The Company prepares to leave Lothlórien and are outfitted by the elves for the next leg of the journey. Apart from cloaks and rope of elvish make, and lembas bread to keep them on their feet, the Fellowship receives individual gifts from Galadriel.
Also of note is Aragorn’s divided mind. He did not know what Gandalf’s plans for the journey were after Lothlórien and his intention since Rivendell was to accompany Boromir to Minas Tirith. Now, with Gandalf’s burden on his shoulders, he’s doubly thankful for the gift of boats, which will allow him to delay his decision whether to follow the Ring or go to Gondor—as far as the falls of Rauros.
Old wives’ tales
Before the departure of the Company, Celeborn warns them against entering Fangorn Forest, for it “is a strange land, and is now little known.” Boromir remembers warnings about Fangorn but recalls them as “old wives’ tales, such as we tell our children.” He’s doubtful about these tales because it has been generations since the people of Gondor visited the forest, “to prove or disprove the legends that have come down from distant years.”
“But do not despise the lore that has come down from distant years; for oft it may chance that old wives keep in memory word of things that once were needful for the wise to know.”
Boromir is not worried about possibly braving Fangorn; he has made long and perilous journeys already: “I do not doubt that I shall find a way through Rohan, and Fangorn too, if need be.” Despite Boromir’s well-earned confidence, Celeborn reproves his easy dismissal of “old wives’ tales.”
“But do not despise the lore that has come down from distant years,” says the ancient elf. Can the old and outmoded be useful for those of us who have the knowledge and progress of the present? As is fitting for an immortal, Celeborn has a dim view of chronological snobbery, “for oft it may chance that old wives keep in memory word of things that once were needful for the wise to know.”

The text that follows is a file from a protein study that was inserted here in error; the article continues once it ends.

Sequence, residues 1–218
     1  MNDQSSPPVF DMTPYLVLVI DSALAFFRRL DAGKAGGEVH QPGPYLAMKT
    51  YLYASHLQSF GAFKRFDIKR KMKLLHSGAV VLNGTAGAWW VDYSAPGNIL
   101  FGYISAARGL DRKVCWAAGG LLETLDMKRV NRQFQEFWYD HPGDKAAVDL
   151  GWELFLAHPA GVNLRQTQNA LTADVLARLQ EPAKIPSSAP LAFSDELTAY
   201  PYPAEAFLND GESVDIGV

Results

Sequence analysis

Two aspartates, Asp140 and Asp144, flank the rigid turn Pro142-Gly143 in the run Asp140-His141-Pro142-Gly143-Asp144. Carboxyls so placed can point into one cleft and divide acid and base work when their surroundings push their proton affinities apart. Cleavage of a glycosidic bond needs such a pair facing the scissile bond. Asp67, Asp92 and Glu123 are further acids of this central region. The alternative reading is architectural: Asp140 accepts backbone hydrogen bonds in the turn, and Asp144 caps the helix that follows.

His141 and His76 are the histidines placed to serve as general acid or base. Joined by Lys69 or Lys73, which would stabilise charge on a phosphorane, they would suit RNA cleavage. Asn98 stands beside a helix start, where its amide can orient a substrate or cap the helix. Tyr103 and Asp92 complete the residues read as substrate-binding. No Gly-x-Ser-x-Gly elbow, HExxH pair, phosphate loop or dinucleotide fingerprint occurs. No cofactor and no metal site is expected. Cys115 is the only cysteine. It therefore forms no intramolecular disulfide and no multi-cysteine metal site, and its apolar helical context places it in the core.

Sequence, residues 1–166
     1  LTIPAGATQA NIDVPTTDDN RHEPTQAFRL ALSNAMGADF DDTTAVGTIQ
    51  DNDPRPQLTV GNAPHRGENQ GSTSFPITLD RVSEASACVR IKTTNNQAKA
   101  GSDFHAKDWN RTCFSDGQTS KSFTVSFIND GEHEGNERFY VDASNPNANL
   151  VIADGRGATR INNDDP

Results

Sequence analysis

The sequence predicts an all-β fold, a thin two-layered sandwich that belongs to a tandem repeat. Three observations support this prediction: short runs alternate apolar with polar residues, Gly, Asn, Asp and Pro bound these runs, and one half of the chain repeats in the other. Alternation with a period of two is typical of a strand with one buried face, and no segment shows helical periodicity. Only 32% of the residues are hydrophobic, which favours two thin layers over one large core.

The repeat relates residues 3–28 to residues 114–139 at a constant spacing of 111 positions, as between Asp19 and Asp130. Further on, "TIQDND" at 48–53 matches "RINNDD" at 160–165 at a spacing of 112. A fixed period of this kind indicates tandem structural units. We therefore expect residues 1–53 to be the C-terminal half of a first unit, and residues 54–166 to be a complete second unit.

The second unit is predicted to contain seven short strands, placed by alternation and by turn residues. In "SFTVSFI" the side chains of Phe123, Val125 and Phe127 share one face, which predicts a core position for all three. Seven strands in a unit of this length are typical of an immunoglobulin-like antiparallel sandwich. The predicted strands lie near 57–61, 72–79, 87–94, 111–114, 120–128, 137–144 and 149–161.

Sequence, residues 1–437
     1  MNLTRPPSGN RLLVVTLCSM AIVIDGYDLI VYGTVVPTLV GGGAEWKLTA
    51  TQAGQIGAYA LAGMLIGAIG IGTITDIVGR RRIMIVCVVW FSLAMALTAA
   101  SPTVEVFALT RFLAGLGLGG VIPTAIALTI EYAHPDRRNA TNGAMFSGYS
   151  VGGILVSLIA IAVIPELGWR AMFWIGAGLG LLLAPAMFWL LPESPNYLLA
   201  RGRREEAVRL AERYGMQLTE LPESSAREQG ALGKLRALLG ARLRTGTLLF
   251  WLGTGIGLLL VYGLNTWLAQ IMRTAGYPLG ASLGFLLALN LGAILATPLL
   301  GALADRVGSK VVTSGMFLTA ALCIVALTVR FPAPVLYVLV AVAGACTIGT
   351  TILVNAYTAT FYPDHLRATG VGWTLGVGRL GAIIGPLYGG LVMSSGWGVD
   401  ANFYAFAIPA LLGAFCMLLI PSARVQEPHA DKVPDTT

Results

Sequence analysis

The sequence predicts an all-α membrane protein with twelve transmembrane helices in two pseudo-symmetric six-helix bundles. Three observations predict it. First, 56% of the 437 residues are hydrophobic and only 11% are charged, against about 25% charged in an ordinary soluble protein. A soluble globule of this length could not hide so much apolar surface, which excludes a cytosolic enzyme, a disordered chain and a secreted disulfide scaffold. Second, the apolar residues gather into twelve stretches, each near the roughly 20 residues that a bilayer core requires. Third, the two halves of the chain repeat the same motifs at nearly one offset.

The elves are far from perfect but they are nothing if not wise.
The most useless gift
If the elves are among the wisest beings in Middle-earth, why does the great Lady Galadriel bestow a useless gift on the Ringbearer’s faithful companion? Sam will go all the way to Mount Doom with Frodo but instead of a weapon, or even a belt to keep his pants up, Samwise Gamgee receives a box of dirt.
Yet, Sam “clutched the box and bowed as well as he could” when he accepts his gift from the lady, why? Because Sam’s greatest virtue is not his bravery, his hate for evil, or even his good sense. Sam’s greatest virtue is his love of goodness, plain and simple; he loves growing things—not the act, because he cannot make anything grow himself, but the living things themselves.
The gift of soil from Lothlórien, blessed by the lady, is a promise of hope. More than just the hope of returning to the Shire, Sam’s gift hope for a renewal. “It will not keep you on your road, nor defend you against any peril,” Galadriel tells him. “But if you keep it and see your home again at last, then perhaps it may reward you.” The garden this soil blesses will reflect “a glimpse far off of Lorien [that] will never be seen on earth again save in memory.”
It is this hope, not of home as Sam left it but of home as it ought to be—a good and endless Shire—that will carry Sam across the wastes of Mordor. It is this hope that will carry them home after so much fear and failure.
On to The Great River, along which dark wings of fear close in and, far off, the wings of hope are spotted, even no no one can yet understand the promise they hold. Only two more chapters left in The Fellowship of The Ring!